Tobacco harmful to those who farm itComment on this story
Health-e News Service
Tobacco farming is harmful to the environment and farmworkers, with multinational companies contributing to the problem by exploiting local farmers, new research has revealed.
A recent review of research on the environmental health impact of tobacco farming found that it degrades the environment, harms workers, and leads to the loss of land resources and biodiversity.
The article in the journal Tobacco Control highlights tobacco farming problems, such as excessive use of chemicals and extensive deforestation, and found that multinational tobacco companies’ actions contribute to these problems.
In SA, nearly 13 234 hectares of arable land is taken up by tobacco plantations, and the country produces nearly 16 000 metric tons of tobacco a year.
Most of the world’s tobacco farming takes place in the developing world, with Malawi being the largest producer in Africa, assigning 183 052ha of land to tobacco.
The second biggest producer in Africa is Zimbabwe which grows tobacco on 79 917ha.
The biggest producer in the world is China which uses 1 266 113ha for growing tobacco.
For the study, Natacha Lecours from the Non-Communicable Disease Prevention programme in Canada, and colleagues reviewed 45 scientific articles on the topic.
They found that tobacco farming causes green tobacco sickness (GTS) in farmworkers who absorb nicotine through the skin when handling wet tobacco. GTS causes muscle weakness, headache, nausea, vomiting, dizziness, abdominal cramps, breathing difficulty, diarrhoea, chills, fluctuations in blood pressure or heart rate, and increased perspiration and salivation.
“As a monocrop, tobacco plants are vulnerable to a variety of pests and diseases, which require the application of large quantities of chemicals,” the authors wrote.
Pesticide poisoning is common among workers and those living near tobacco-growing fields.
Exposure to these chemicals causes respiratory, neurological, and psychological problems.
Studies found pesticide sprayers in this industry are at increased risk of neurological and psychological conditions because of poor protection practices.
Apart from deforestation and soil degradation, tobacco farming is associated with the destruction of ground water resources, sedimentation of rivers, reservoirs and irrigation systems, climate change, and species extinction due to habitat fragmentation and overexploitation, said the authors.
“Tobacco absorbs more nitrogen, phosphorus and potassium than other major food and cash crops, and therefore, tobacco growing decreases soil fertility more rapidly than other crops.”
In Bangladesh and Kenya, researchers found that expanding tobacco production displaces farming of traditional food crops, a practice that can lead to food insecurity.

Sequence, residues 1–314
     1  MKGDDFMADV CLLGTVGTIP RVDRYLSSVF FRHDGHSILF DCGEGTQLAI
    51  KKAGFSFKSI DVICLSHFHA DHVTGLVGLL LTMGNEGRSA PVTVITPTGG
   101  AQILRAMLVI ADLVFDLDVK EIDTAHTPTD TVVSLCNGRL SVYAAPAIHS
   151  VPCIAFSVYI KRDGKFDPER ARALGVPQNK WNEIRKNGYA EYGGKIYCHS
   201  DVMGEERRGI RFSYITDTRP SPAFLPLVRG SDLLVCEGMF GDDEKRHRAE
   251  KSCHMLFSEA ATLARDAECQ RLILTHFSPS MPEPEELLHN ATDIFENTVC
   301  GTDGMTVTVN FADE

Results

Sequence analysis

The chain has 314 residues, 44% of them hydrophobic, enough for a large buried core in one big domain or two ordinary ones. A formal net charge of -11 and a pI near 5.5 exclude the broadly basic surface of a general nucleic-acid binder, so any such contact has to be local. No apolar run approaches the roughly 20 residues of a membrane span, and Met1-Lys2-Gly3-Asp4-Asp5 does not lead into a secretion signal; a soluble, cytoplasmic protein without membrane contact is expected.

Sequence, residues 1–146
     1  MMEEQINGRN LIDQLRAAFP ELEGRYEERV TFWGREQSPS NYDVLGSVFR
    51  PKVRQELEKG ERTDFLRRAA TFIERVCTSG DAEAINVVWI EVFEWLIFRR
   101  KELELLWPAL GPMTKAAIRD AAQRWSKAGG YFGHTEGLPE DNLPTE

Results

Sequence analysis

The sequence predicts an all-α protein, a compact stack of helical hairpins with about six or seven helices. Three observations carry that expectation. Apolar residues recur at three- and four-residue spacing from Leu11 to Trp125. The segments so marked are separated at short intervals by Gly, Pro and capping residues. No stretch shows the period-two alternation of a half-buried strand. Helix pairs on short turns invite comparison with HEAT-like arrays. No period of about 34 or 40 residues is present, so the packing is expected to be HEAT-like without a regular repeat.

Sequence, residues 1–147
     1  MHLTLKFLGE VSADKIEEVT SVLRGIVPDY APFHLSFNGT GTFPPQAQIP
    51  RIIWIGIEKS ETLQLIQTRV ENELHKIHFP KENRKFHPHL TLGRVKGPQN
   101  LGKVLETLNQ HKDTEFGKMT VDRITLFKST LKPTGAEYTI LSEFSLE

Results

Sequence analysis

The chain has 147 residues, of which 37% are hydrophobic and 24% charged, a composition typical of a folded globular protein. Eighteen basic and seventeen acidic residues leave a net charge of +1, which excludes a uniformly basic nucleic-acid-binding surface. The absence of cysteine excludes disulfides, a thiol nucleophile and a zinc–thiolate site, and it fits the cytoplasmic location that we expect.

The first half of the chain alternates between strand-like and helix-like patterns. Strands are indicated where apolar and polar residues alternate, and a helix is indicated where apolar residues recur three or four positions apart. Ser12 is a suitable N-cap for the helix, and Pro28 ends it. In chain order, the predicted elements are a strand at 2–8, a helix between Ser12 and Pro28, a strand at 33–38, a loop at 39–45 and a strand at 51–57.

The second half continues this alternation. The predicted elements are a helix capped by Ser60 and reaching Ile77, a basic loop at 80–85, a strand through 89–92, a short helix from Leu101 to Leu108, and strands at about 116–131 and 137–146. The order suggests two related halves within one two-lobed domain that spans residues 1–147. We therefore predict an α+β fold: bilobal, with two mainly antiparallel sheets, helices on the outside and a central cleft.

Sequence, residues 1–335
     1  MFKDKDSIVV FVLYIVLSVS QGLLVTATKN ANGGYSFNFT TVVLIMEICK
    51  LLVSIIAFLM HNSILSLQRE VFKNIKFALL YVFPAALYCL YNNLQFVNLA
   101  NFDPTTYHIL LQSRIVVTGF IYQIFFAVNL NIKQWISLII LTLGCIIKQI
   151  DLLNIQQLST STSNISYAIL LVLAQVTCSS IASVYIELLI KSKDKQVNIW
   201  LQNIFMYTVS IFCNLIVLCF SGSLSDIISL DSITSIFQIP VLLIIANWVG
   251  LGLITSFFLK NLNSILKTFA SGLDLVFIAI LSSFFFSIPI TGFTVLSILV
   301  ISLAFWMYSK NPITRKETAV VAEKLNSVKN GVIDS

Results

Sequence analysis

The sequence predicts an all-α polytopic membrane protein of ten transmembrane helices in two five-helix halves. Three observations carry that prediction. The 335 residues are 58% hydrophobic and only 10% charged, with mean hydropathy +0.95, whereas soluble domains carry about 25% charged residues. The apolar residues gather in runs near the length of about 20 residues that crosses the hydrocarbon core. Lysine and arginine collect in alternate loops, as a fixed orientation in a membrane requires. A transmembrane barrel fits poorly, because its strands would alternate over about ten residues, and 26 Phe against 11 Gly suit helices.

The research also revealed that tobacco companies engage in contract farming – a system through which tobacco firms deal directly with local farmers.
Contract farming creates a cycle of indebtedness for farmers, who find themselves owing companies significant sums for payments advanced as agricultural inputs year after year.
“For many tobacco growers in India and Bangladesh, the income gained from this system is barely enough to sustain themselves, or is insufficient to meet the most basic needs,” the authors wrote.
In many countries tobacco companies also control the production and sale of agrochemicals, which the authors claim further creates a cycle of indebtedness for farmers and encourages the use of harmful chemicals. “Tobacco company practices disadvantage farmers by locking them into a supply and compensation system.”
In the commentary to the article, the editor points out that tobacco companies lure governments and other leaders into believing that tobacco is an economically viable crop and a major source of revenue, while hiding the truth about the accompanying environmental and health losses. “For example, while Tanzania earns about $50 million (nearly $407m) annually from tobacco revenue, more than $40m is spent to treat tobacco-related cancers alone.”
Dr Yussuf Saloojee of the National Council Against Smoking said the research challenges the widely held misperception that tobacco is beneficial to the economy.
“The truth is that in many African countries tobacco farming is not sustainable. The low prices paid by the multinational tobacco companies means that farmers often have to rely on child labour to contain costs,” he said.
Saloojee pointed out that in Malawi, an estimated 30 percent of the labour force on tobacco farms were children as young as five.
“The major tobacco multinationals receive nearly $10m a year in economic benefit through the use of unpaid child labour in Malawi.”
Malawi also has one of the highest rates of deforestation in the world, and in 1999 more than 26 percent of its total annual deforestation was related to tobacco production.
Saloojee said there was also serious tobacco-related deforestation in Zimbabwe, Zambia, Tanzania, Uganda, Burundi, Ethiopia, Togo and Nigeria. Local tobacco advocates argue that the picture painted in the Tobacco Control article is not true for SA.